Obama Must Defend Stimulus in State of the Union

The knock on Obama since the Republican upset in Massachusetts is that he pursued health care reform in 2009 to the exclusion of job stimulus. I don't get it. The government passed a $800 billion stimulus plan over wide Republican opposition and bailed out Detroit for $50 billion (not to mention the Federal Reserve's trillions of dollars spent buying mortgages and bad assets and bringing interest rates down near zero). That doesn't sound like excluding job stimulus to me.

Moreover, it turns out that Americans don't like the way Obama focused on job creation. There's a new CNN poll (via Chris Good) finding that 75% of the American people think at least half of the stimulus money was an utter waste. Even though I think this is wrong, I understand where the anger is coming from.

First let's look at what the stimulus actually does. The bill has a lot of items, but 40 percent of the ARRA went to something Americans tend to like a lot: Tax cuts -- about $250 billion for individuals and $35 billion for businesses. Another big category was about $180 billion of state aid to avoid deficits that would have resulted in hundreds of thousands of job losses. Another $100 billion went to education. Another $70 billion extended unemployment insurance and health care for recently laid off workers. The overall goal of the stimulus might have been to juice production, but much of it went to give Americans more money to spend, and give states more money to maintain payrolls.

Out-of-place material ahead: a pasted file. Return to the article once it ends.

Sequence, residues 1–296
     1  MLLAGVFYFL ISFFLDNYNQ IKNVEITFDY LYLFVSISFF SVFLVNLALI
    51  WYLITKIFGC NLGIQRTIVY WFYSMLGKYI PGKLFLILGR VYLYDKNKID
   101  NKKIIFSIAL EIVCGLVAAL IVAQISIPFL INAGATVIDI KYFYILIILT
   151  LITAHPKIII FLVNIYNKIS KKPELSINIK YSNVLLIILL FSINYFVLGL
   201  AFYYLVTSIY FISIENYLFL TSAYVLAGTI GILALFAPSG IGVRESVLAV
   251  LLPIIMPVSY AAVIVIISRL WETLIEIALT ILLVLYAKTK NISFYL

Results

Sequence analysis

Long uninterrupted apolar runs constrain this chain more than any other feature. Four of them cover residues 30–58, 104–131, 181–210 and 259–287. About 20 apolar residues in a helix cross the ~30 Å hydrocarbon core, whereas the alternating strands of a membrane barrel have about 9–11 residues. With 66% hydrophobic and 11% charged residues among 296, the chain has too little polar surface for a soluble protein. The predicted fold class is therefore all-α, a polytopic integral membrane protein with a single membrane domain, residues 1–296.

There is a lot of generalized anger in this country. Many Americans are juxtaposing the high unemployment rate, frustrating health care reform process and bank profit headlines and concluding: Obama ignored jobs. They're telling pollsters things like "the stimulus was a waste" and also, "unemployment is too high for government inaction." The message seems to be: The stimulus was a waste, we need more stimulus! Obama has to respond to that anger, even if he thinks it's confused. He needs to remind Americans where the stimulus money went, how future stimulus spending will target joblessness even more exactly, and why health care reform fits into the narrative of our long term economic recovery.

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Derek Thompson is a senior editor at The Atlantic, where he writes about economics, labor markets, and the entertainment business.

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